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Thread: Volume problem

  1. #1 Volume problem 
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    4. "The base of a solid object is a circle with a radius of 4. Every verticle cross section is an equilateral triangle. What is the volume of the solid?"


    Ok I'm not sure about this 1, can some1 tell me if I'm doing it right

    area of triangle = (1/2) x base x height

    so I take the integral of the area of the triangle

    the formula for a circle with radius 4 is (x'2/16) + (y'2/16) = 1

    solved for y which is y = sqrt(16-x'2)= base

    To solve for the height remembered that the cross section is an equilateral triangle

    so all sides are equal to 8 since the radius is 4,

    then divided the equilateral triangle in half to make 2 right angle triangles

    so using a'2 + b'2 = c'2

    4'2 + b'2 = 8'2
    b = 4sqrt3

    side b of the triangle is the height

    so the intergal is {4 integral (2sqrt3)sqrt(16-x'2)dx} with an upper bound of 4 and a lower bound of 0

    I put a 4 infront of the integral since the intergal is only solving for the 1st quadrent and I need to take account for the other quadrents.

    Am I doing this right and can someone post the solution please. Thanks


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  3. #2  
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    Let be the equation of the circular base.

    At horizontal distance x from the origin, the length of each side of the equilateral triangle is , so the cross-sectional area is . (The area of an equilateral triangle with sides of length a is ) Hence



    which I believe should be .


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  4. #3  
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    Once again thanks you a life saver.

    Just wondering why couldn't i do the problem by taking the triangle in the 1st quad like I was attempting. I would have multiplied my answer by four to account for the other quads. I understand your answer but just am curious why what I was attempting was wrong. Thanks
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  5. #4  
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    Okay, let us do it as you suggest.

    The area of half of the equilateral-triangular cross-section at horizontal distance x from the origin is . (NB: The height of the triangle is .)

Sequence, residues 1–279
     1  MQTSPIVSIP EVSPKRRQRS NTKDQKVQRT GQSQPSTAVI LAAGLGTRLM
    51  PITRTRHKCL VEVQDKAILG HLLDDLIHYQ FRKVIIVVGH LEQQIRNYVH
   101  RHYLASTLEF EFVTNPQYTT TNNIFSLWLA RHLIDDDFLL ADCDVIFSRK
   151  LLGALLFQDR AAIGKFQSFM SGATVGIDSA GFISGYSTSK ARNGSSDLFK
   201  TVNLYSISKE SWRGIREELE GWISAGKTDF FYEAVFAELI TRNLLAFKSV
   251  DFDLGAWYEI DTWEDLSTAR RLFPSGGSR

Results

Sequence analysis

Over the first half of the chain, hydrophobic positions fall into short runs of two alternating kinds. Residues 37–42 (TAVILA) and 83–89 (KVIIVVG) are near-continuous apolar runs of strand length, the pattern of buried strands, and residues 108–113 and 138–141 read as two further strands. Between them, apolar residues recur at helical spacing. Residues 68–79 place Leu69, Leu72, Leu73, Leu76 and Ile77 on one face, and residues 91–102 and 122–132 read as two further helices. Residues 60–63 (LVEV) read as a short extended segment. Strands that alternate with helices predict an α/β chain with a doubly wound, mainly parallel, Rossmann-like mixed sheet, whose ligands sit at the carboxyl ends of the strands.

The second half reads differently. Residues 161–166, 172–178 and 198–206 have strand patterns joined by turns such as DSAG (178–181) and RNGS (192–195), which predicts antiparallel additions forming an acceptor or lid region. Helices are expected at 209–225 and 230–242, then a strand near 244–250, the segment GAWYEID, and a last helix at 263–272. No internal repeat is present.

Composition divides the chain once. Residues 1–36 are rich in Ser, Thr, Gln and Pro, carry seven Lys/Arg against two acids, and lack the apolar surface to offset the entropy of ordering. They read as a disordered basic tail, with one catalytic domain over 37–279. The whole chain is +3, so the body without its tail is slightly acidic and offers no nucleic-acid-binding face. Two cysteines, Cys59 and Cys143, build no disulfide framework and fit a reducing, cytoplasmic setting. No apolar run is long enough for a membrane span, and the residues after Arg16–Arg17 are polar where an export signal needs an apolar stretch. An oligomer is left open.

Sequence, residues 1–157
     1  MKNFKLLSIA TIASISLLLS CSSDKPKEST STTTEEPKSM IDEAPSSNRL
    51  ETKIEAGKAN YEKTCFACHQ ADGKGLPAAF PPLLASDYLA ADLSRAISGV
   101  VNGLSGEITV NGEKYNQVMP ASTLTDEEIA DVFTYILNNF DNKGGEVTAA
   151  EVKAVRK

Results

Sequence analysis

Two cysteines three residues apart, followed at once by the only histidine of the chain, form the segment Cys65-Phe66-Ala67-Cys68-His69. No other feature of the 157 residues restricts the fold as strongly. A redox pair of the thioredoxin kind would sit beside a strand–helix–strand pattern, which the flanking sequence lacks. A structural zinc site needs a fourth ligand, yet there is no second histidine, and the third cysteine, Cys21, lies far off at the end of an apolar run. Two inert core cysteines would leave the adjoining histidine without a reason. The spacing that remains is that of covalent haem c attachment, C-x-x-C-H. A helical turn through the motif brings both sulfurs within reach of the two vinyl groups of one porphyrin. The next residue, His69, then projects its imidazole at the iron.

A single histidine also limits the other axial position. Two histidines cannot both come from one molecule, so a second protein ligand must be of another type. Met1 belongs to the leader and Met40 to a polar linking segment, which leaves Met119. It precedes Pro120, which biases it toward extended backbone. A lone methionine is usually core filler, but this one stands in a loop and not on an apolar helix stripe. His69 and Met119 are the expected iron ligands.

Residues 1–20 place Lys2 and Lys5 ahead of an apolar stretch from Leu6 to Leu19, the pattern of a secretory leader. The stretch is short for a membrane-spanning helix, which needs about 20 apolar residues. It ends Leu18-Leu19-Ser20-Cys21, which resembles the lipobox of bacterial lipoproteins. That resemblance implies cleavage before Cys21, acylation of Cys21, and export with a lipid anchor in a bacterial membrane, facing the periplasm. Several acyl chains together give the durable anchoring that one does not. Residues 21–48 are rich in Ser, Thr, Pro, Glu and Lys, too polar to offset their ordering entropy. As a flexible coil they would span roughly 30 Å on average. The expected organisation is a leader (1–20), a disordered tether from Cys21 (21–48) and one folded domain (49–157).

So the volume of one quarter of the solid is

    which is . If that is easier for you, then fine. I normally prefer to do the whole lot at once.
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  6. #5  
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    Thank you, I just wanted to make sure it was possible my way as well or if it was wrong.
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    Quote Originally Posted by JaneBennet
    Okay, let’s do it as you suggest.

    The area of half of the equilateral-triangular cross-section at horizontal distance x from the origin is . (NB: The height of the triangle is .)

    So the volume of one quarter of the solid is

    which is . If that’s easier for you, then fine. I normally prefer to do the whole lot at once.
    Couldn't you just get the height of the cone? Using a side of the equilateral triangle? And half the base. One side of the triangle squared would be 64, half the base squared would be 16, so the square root of 48 would be 6.928

    Then just use the cone formula. 1/3 times pi times radius^2 times height.

    1/3 * 3.14 * 16 * 6.928 = 116.92522666

    Or a better way to remember it pi R^2 times height divided by three.

    Sincerely,


    William McCormick
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  8. #7  
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    Quote Originally Posted by William McCormick
    Couldn't you just get the height of the cone? Using a side of the equilateral triangle? And half the base. One side of the triangle squared would be 64, half the base squared would be 16, so the square root of 48 would be 6.928

    Then just use the cone formula. 1/3 times pi times radius^2 times height.

    1/3 * 3.14 * 16 * 6.928 = 116.92522666
    That formula is for a cone with a circular base. The shape here is not a cone; its one with triangular cross sections. (A cone would have a hyperbolic cross sections.)

    This shape is how shall I describe it? Something like an admirals hat perhaps. Like this (but with a much rounder base and pointier top):

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  9. #8